‘PRINTER’ PONZI: FBI Says Man Ran $28 Million Scheme Based On Bogus Sales Of High-Speed Commercial Printers
UPDATED 8:28 P.M. EDT (U.S.A.) Minneapolis/St. Paul has Tom Petters, accused of operating a $3.65 billion Ponzi scheme by deceiving investors into thinking they were financing his company’s purchase of electronics that later would be sold to Wal-Mart and other huge retailers.
And now Chicago has Matthew Scott, whom investigators described as a sort of Tom Petters on a smaller scale.
Scott was accused today of telling investors their funds would be used to purchase or financeÂ the purchase of high-speed commercial printers that would be sold to third-party buyers at a profit. The machines were said to be valued in excess of $100,000, and Scott claimed his mark-up of 20 percent led to big profits, the FBI said.
Scott, 50, of Elmhust, Ill., was charged with mail fraud. His company, Gelsco, neither purchased nor financed such printers, the FBI said.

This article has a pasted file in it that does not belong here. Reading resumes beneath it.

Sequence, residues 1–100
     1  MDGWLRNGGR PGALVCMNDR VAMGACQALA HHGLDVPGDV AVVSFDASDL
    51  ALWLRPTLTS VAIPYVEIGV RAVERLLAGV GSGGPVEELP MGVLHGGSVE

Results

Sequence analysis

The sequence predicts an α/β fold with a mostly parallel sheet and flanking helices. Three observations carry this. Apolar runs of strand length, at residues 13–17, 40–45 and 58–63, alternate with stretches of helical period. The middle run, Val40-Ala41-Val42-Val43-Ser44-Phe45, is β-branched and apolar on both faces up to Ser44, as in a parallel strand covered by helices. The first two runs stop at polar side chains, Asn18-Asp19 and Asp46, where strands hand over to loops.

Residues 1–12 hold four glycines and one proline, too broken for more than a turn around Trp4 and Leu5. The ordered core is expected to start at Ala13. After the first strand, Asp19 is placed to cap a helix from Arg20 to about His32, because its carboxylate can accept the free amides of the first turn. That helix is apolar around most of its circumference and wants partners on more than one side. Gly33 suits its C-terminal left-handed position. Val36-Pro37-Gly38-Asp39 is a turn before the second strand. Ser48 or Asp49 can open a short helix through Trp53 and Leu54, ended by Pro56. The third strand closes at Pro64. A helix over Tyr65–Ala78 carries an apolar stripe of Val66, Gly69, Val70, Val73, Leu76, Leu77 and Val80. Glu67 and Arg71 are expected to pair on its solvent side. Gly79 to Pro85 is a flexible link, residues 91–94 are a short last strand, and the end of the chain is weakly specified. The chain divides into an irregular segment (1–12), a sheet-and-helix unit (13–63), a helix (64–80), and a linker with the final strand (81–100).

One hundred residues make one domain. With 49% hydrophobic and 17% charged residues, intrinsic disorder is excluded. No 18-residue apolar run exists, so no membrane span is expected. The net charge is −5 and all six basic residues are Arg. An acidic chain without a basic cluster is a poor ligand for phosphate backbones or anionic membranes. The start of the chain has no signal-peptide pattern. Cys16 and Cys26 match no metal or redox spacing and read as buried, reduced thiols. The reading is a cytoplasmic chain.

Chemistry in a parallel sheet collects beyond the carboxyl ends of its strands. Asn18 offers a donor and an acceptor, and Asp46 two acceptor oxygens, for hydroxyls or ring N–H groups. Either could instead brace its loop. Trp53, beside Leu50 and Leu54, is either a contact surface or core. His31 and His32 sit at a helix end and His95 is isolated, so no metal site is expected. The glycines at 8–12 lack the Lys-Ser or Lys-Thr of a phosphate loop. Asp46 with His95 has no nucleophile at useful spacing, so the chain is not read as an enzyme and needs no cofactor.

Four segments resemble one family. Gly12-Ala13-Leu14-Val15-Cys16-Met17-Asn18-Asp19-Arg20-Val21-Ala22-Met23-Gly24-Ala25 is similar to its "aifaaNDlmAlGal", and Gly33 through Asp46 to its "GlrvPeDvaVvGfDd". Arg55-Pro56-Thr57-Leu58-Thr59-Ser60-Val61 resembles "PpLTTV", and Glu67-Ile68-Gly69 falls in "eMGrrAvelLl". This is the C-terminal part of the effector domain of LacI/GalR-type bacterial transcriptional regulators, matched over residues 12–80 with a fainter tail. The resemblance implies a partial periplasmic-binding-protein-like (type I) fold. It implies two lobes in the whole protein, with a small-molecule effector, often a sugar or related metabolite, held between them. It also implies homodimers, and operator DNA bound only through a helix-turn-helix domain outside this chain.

“Instead, Scott allegedly fabricated false purchase orders, invoices, promissory notes and other documents that he provided to investors,” the FBI said.
The scheme collected at least $28 million between early 2000 and March 2009 before unraveling, the FBI said. At least 60 investors were fleeced. The initial loss estimate was pegged at $4.5 million.
“Throughout the duration of the alleged scheme, Scott had to continually raise funds from investors to make payments to earlier investors, all of which he concealed and intentionally failed to disclose to new and old investors alike,” the FBI said.
Scott also duped a bank by submitting fraudulent documents to get a loan about 10 months before the scheme collapsed, the FBI said.
“In May 2008, Scott obtained a $300,000 bank loan by falsely representing that the loan would be secured by a printer that was being sold to a third party, and by providing fraudulent documents as proof of the purported sale,” the FBI said.